The problem with Divergent is that it’s The Hunger Games all over again, but with less fire. Dystopian fiction is a difficult genre because it requires so much exposition. Divergent takes care of most of this off the top by means of voiceover accompanied by beautiful wide shots that really put us in the world of the characters. We learn about the five factions of society to which all citizens must belong. You get to pick your faction, but if you don’t pass the training you become one of the “factionless”— the people who live as homeless squatters on the fringes of society. Not unlike the Seam from The Hunger Games, I thought. At the beginning of the film, Tris (Shailene Woodley) is about to choose her faction and possibly have to leave her family because of it. “Faction before blood” is the maxim that makes this society work, and everyone must obey.

Those who read the book will find the adaptation faithful to the source material. For instance, Dauntless’ headquarters looks exactly like they did in my head, as do each faction’s costumes. What I found, though, is that all the things that barely worked in the book don’t fly at all in the film. Tris really doesn’t get interesting until the final half-hour of the film when there’s a lot of gunplay and hardly any dialogue. As I recall, Katniss from The Hunger Games was a badass from the moment she realized she could actually win the games. Like Katniss, Tris is willing to make sacrifices, but I didn’t believe she would actually fight for what she wanted until the end. Similarly, Kate Winslet plays the antagonist Janine Matthews, but even she’s a one-trick villain.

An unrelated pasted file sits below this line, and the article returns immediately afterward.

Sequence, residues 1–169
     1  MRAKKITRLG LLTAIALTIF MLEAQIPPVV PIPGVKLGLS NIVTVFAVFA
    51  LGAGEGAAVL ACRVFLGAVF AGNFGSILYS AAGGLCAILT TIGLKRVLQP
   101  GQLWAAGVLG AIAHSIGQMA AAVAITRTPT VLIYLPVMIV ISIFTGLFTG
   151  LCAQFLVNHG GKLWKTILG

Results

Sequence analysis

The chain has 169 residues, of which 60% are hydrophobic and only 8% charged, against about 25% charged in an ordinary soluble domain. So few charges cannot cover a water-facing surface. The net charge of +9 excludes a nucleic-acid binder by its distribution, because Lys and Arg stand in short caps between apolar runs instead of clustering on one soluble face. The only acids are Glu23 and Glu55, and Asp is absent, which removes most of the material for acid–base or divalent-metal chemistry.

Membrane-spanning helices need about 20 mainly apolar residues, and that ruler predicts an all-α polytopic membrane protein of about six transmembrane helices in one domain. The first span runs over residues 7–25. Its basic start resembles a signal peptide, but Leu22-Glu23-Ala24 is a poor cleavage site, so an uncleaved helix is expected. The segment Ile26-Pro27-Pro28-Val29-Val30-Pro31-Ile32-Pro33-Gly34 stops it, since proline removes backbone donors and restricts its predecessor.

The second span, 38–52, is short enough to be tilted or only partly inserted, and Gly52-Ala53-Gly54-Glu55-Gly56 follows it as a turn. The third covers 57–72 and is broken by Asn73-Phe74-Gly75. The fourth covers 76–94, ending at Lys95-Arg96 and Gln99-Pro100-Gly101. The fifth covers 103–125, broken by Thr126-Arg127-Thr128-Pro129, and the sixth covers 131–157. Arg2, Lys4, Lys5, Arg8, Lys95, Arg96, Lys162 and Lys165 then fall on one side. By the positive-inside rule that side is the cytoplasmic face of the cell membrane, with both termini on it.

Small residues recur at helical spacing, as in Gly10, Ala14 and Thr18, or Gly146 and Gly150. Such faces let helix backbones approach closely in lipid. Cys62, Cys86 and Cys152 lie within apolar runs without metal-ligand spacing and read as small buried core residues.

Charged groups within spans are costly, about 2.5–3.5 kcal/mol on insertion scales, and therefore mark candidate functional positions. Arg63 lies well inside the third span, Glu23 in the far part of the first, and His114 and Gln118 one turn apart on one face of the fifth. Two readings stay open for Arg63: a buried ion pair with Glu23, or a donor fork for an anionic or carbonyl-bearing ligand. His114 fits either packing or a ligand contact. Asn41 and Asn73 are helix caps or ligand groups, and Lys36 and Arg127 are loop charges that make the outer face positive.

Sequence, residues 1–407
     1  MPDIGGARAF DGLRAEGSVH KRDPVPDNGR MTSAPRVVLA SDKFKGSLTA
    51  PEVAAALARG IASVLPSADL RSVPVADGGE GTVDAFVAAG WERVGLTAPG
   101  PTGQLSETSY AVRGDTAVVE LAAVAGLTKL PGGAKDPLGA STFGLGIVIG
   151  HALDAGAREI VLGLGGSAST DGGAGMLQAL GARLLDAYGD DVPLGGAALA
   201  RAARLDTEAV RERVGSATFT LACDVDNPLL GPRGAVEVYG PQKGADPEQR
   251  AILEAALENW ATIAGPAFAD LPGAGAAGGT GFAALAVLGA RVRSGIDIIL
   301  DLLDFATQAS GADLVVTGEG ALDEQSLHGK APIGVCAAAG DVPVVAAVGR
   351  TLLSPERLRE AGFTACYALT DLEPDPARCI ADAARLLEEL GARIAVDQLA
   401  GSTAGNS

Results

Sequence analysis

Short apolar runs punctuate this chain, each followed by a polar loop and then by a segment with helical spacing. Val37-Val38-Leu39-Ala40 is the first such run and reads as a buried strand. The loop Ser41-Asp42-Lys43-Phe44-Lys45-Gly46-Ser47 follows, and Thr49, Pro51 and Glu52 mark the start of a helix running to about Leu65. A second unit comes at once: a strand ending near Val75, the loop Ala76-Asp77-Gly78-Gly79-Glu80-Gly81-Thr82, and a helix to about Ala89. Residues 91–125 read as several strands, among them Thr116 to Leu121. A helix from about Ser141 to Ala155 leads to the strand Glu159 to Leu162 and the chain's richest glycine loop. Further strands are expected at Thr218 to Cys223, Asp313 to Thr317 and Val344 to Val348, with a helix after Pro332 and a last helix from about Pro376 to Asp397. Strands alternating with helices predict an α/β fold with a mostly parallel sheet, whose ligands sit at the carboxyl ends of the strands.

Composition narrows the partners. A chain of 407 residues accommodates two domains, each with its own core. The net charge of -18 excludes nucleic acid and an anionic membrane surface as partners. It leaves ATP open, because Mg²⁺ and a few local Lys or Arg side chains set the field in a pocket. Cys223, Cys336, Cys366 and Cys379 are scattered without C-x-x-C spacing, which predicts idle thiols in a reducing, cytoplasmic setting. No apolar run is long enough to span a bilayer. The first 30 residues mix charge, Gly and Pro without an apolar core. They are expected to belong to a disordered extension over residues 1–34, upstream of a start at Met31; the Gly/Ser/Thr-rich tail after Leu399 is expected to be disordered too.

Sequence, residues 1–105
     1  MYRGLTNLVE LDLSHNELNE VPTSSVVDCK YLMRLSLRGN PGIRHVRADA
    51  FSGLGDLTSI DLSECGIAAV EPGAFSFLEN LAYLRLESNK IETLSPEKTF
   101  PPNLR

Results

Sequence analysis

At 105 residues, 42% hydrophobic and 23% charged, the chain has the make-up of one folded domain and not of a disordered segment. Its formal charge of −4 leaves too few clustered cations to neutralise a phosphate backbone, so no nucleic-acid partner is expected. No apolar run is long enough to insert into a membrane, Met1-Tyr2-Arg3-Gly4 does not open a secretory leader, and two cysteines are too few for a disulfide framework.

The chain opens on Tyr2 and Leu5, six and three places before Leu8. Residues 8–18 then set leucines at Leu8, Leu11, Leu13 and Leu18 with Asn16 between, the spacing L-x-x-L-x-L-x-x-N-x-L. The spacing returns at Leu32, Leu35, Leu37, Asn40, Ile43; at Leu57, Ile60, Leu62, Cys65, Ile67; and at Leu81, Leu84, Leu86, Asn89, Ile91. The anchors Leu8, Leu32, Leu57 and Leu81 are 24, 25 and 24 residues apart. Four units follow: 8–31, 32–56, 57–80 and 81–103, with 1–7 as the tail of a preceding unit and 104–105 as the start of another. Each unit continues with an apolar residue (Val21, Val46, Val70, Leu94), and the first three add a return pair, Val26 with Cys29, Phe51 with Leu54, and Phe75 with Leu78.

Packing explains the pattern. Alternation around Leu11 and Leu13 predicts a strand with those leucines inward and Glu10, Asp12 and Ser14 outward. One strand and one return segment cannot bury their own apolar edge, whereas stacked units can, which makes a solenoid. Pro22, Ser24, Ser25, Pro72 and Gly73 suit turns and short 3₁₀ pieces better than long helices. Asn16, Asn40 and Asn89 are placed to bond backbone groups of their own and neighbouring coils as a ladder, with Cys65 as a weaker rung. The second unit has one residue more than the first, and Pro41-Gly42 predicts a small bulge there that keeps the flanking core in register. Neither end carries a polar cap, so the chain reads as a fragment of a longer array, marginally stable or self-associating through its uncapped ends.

Partway through the film, Tris makes a choice that pushes her to her limits physically and mentally, and she ends up in a dangerous situation when she’s told that she’s divergent—she doesn’t belong in just one faction. This is a problem because one of the factions is systematically destroying divergents while trying to take over the government. Basically, the corrupted government is out to kill the protagonist. Sound familiar?

Something I really admired in The Hunger Games was that Katniss is not an anorexic, baby doll Hollywood type. Jennifer Lawrence is strong, not glamorous, and I think we need a little more of that in our movies. Both Woodley and her leading man, Theo James (who plays Four), are too good-looking to make the oddball, misfit characters they portray believable.

Divergent asks some good questions about finding your identity and the sacrifices people make (or don’t)for those they’re loyal to. How selfless can you be without losing your own sense of purpose? And how do you stay true to yourself throughout all that? MM½

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